HB 2030 – will add urology services required to be covered in the telemedicine insurance parity statutes.
HB 2090 – requires hospitals to offer patients 65 and older a flu vaccine prior to discharge; there is already a CMS requirement on this.
HB 2134 – a bill empowering parents to send their kids to school or camp with sunscreen and allows them to apply it. Dermatologists are spearheading the passage of this measure.
HB 2180 and HB 2182 – police unions want to make it harder for physicians to perform independent medical exams for workers comp.
HB 2194 – another ban on minors using tanning beds.
HB 2195 – The Arizona Medical Board wants to streamline changes to their license application processes. The bill includes changes on primary source verification, testing, substance abuse programs, and board member compensation.
HB 2333 – a broad language bill covering all types of health care providers that forbids the payment of patient referral “inducements” with violators facing criminal penalties.
SB 1023 – will add schedule V controlled substances to the state’s prescription drug monitoring program.
SB 1133 -- clarifies the collaboration requirement in current law for nurse practitioners and to separately regulate certified nurse midwifes.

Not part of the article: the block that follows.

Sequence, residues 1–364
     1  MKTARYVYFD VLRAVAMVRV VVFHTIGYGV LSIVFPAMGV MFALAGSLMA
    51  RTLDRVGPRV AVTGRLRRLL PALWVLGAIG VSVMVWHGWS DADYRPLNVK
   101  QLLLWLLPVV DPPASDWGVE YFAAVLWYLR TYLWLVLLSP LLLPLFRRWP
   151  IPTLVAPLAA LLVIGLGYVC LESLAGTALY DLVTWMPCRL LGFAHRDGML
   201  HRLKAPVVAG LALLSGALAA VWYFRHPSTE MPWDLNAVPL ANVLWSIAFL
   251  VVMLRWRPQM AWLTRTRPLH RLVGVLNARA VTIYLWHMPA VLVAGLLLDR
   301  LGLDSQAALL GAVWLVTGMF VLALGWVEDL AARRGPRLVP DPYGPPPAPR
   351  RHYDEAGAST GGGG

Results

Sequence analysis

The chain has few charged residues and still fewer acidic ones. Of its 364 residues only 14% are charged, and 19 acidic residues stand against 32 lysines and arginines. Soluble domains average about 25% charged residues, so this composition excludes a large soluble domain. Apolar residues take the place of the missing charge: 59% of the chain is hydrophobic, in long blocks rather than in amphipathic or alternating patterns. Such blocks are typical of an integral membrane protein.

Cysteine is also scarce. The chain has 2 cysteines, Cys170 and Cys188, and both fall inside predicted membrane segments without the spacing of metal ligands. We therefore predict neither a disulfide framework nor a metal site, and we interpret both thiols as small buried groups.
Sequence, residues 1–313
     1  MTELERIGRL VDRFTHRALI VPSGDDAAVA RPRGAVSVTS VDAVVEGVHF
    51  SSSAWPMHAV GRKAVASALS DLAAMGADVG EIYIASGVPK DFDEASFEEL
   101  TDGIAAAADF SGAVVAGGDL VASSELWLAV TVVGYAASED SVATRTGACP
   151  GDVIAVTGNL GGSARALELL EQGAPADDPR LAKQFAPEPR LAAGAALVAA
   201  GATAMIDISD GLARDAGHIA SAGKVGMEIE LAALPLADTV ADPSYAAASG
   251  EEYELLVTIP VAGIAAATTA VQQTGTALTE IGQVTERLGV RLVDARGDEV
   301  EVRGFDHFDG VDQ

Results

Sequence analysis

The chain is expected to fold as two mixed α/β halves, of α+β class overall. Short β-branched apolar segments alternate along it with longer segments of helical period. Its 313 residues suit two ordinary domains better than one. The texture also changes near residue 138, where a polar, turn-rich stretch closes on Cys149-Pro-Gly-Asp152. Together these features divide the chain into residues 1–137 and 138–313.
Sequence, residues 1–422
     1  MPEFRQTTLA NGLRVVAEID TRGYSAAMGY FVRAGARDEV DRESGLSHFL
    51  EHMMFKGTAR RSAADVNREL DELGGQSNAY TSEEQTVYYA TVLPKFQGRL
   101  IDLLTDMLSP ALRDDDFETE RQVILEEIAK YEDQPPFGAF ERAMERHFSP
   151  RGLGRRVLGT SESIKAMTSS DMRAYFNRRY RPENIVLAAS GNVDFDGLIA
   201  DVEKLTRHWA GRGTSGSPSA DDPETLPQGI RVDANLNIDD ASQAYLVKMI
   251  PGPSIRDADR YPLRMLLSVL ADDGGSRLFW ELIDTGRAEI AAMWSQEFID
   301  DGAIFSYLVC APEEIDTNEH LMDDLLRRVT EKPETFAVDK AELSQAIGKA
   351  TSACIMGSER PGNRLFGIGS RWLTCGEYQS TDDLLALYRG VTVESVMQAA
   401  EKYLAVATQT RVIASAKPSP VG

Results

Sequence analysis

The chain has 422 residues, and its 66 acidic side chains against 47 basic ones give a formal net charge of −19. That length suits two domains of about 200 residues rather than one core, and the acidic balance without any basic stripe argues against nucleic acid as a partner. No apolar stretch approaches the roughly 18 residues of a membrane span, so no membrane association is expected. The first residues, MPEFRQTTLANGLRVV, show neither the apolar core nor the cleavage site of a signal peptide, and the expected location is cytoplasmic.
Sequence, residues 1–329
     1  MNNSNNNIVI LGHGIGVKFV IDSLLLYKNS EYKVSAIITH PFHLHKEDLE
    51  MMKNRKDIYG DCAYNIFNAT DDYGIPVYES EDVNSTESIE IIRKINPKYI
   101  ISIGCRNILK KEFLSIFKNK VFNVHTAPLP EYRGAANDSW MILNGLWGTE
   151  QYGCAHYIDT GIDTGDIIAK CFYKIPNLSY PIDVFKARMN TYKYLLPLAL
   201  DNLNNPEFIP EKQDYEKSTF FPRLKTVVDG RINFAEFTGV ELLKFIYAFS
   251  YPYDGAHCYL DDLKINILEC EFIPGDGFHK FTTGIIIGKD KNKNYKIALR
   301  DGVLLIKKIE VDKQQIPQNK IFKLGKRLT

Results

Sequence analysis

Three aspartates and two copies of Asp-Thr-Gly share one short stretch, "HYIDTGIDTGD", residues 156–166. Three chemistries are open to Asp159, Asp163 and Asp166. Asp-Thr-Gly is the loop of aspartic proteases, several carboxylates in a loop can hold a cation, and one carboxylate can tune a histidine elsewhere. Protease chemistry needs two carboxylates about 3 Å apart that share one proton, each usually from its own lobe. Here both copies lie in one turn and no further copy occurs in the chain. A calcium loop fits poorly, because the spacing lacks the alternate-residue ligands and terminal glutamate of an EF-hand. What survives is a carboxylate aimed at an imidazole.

For those interested, you may read the full text of bills and follow a bill’s progress here.
GOVERNOR'S ADDRESS: Education took center stage during Gov. Doug Ducey’s Monday State of the State address. He called on the Arizona Legislature to join him in giving public-school teachers a raise, expanding all-day kindergarten in low-income areas, and adopting other policies he said will help poor Arizonans. He did not outline how he would pay for his 15 new education proposals other than vowing not to raise taxes.
- Increasing teacher salaries by a couple percentage points.
- Offer a $1,000 signing bonuses for teachers who pursue careers in low-income schools.
- Expansion of full-day kindergarten in lower-income areas.
- Called on the state's public universities and community colleges to create a program known as the Arizona Teachers' Academy to erase debt for students who commit to teach in Arizona public schools.
- Continue work on federal legislation that would revisit the idea of restructuring the 9th Circuit so that the state could count on swifter and more efficient judicial service.
- Expansion to two years of the cash benefit the state pays low-income families, as long as recipients are actively looking for work.
- Under his proposal, Ducey would revert the TANF (welfare) program back to two years. Arizona currently has a one-year limit.
- Ax certain state licensing fees for those who are living in poverty and want to start new careers.
- Reduce "job-killing” regulations by wiping out 500 total regulations by the end of the year.